The Role Of Human Papillomavirus (HPV) And The Increasing Incidence Of Oral Pathology In The Era Of Highly Active Antiretroviral Therapy (HAART)
K Shetty, J Leigh
antiretrovirals, hiv, human papilloma virus, pathology
K Shetty, J Leigh. The Role Of Human Papillomavirus (HPV) And The Increasing Incidence Of Oral Pathology In The Era Of Highly Active Antiretroviral Therapy (HAART). The Internet Journal of Dental Science. 2004 Volume 2 Number 2.
Oral HPV infection and disease results from increases in oral-based immune suppression in the HIV co-infected individual that cannot be restored and is possibly compromised further by HAART. This review provides greater insight into the rate of oral HPV infection in the HIV+ individual, the effect of HAART on oral HPV infection, it's role in oral pathology, and the host's immune response against HPV under immune compromised (HIV without effective HAART) and potentially immune restored (effective HAART) conditions.
The human immunodeficiency virus (HIV) epidemic continues to grow at a significant rate worldwide with over 34 million people infected1. This disease leads to progressive immune suppression with selective depletion of CD4+ T lymphocytes. There are numerous opportunistic infections that occur secondary to this decrease in systemic immunity, particularly in the oral cavity with over 50% of HIV-infected individuals developing oral pathology2. One pathogen which is commonly found in both the oral and genital tracts of HIV-positive patients is the mucosatropic human papillomavirus (HPV), however infection can occur with or without mucosal pathology3,4. HPV-associated oral lesions include condyloma, focal epithelial and some squamous cell carcinomas4, 5. Both oral and genital lesions caused by HPV are more commonly seen in those co-infected with HIV6,7,8. Systemic immune reconstitution for the HIV-positive patient has been accomplished with highly active anti-retroviral therapy (HAART) leading to decreases in systemic and oral infections, including regression in HPV-induced cervical lesions9, 10. Paradoxically, recent reports have noted increases in oral pathology consistent with HPV infection in the presence of HAART12, 13. If this observation can be confirmed, it suggests that the host defense against oral HPV is independent of that restored by HAART and may be adversely affected. Unfortunately, little is known about the prevalence, natural history and immune response against oral HPV infection, especially in the HIV co-infected individual.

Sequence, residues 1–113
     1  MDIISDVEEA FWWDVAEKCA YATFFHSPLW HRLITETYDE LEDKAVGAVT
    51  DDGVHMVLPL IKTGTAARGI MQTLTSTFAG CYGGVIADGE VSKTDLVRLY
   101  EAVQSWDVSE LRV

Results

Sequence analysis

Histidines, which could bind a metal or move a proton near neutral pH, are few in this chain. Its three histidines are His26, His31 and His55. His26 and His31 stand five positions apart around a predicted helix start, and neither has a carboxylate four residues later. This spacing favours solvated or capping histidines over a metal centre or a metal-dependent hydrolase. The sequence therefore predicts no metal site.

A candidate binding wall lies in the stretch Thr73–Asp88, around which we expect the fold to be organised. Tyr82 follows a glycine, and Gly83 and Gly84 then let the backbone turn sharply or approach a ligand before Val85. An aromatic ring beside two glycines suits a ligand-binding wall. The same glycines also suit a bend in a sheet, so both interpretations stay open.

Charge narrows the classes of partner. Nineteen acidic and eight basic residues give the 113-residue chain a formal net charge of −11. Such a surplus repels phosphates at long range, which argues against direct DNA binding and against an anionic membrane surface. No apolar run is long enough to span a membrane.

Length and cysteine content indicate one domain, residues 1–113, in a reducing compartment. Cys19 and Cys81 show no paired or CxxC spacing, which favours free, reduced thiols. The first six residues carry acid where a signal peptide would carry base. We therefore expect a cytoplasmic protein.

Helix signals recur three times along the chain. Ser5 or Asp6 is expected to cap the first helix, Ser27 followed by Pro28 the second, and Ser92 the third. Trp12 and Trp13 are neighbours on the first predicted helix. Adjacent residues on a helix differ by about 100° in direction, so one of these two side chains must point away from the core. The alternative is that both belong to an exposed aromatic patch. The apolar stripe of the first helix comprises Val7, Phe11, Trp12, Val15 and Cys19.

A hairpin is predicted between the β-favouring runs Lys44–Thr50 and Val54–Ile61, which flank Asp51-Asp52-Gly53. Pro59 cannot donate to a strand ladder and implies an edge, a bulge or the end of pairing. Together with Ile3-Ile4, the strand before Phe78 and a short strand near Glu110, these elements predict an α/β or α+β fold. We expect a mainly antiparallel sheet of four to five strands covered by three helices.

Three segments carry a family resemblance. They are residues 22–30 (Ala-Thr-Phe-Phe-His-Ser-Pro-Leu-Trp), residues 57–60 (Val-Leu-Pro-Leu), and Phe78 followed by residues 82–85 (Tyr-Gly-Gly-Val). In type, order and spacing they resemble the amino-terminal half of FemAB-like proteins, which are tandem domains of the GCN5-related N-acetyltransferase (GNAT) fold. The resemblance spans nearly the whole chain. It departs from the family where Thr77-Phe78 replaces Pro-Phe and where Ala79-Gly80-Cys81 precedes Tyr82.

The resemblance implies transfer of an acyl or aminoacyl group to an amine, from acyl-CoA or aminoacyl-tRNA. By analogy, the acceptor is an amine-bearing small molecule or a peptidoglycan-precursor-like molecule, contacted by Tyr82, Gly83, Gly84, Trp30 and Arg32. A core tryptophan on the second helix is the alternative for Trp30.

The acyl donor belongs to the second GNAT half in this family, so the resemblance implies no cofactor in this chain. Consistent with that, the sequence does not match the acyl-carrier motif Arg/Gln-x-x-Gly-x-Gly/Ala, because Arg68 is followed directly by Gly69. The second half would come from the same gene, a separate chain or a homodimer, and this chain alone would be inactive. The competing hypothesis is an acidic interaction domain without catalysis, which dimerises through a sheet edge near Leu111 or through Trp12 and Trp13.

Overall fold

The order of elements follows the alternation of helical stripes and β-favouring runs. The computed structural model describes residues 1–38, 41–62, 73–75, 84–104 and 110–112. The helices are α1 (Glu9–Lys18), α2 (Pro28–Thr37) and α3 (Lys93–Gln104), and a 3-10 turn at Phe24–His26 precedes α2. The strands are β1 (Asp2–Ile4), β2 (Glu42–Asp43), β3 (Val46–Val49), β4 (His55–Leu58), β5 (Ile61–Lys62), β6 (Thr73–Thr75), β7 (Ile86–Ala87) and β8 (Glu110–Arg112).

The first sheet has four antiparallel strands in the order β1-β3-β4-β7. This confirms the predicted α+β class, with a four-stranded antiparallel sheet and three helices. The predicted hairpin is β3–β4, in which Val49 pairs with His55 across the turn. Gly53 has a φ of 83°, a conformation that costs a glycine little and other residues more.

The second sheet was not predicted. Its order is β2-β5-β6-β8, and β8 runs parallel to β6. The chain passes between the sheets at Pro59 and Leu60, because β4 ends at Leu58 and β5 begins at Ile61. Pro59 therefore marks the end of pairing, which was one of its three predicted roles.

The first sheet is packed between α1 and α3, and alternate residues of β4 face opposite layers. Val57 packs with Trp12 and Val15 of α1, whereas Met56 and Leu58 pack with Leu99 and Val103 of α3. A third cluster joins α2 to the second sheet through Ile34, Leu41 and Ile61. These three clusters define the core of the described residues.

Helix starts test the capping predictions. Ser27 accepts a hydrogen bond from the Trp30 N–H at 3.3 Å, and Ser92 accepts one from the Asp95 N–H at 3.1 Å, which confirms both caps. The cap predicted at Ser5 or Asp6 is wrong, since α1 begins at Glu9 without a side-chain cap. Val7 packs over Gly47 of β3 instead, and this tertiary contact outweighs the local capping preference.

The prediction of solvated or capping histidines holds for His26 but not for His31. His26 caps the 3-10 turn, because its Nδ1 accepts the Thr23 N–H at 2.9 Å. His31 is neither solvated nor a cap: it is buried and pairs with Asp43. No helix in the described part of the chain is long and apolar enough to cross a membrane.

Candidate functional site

Human Papillomavirus In Oral Disease
Seventy types of human papillomavirus (HPV) have been described with types divided by site of infection and their risk oncogenic potential (see table 1)15. HPV is associated with several oral lesions compatible with oral warts (veruca vulgaris, squamous cell papillomas, condyloma acuminata, focal epithelial hyperplasia (FEH) and also oral leukoplakia with dysplastic changes4, 5. Such lesions have been reported in 0.4% of the general population16,17, however, the HPV DNA detection rate in individuals without any obvious oral pathology has varied widely depending on the study population, type of sample collected, method of DNA detection (hybridization vs. PCR), and the primers and specific probes utilized5,18,19,20,21. HPV is also thought to play a role in the genesis of oral cancers22,23,24,25 with HPV DNA, particularly type 16 and 18, detected in 20-30% of oral squamous cell carcinomas (SCC)26,27. What is lacking in these studies is a detailed analysis of the exact site of HPV oral infection as well as detailed delineation of the role of HPV in abnormal or cancerous oral tissue.
HPV in HIV Disease.
As with the HIV- population there are large differences between the infection rates with HPV and the occurrence of oral lesions28,29,30, however, these HPV associated lesions occur more commonly under conditions of immune suppression31, 32, 33. In addition, oral lesions similar to those seen in HIV- individuals contain additional or novel HPV types in a significant subpopulation. (2.5-4% of HIV+ patients)6. Greenspan et al have described cauliflower and spiky warts containing HPV type 7 and flat warts, similar in appearance to FEH, containing HPV 13,18 and 3234,35. A study of benign oral lesions, not restricted to warts, Volter et al found HPV DNA sequences in 67% of the specimens27. The most common types found were HPV 32 (28%) and HPV 7 (19%), which would have been missed if testing only for genital HPV types. A study on oral squamous cell carcinomas in HIV+ individuals have demonstrated an early age of onset, an aggressive course, and a high rate of HPV DNA detection36.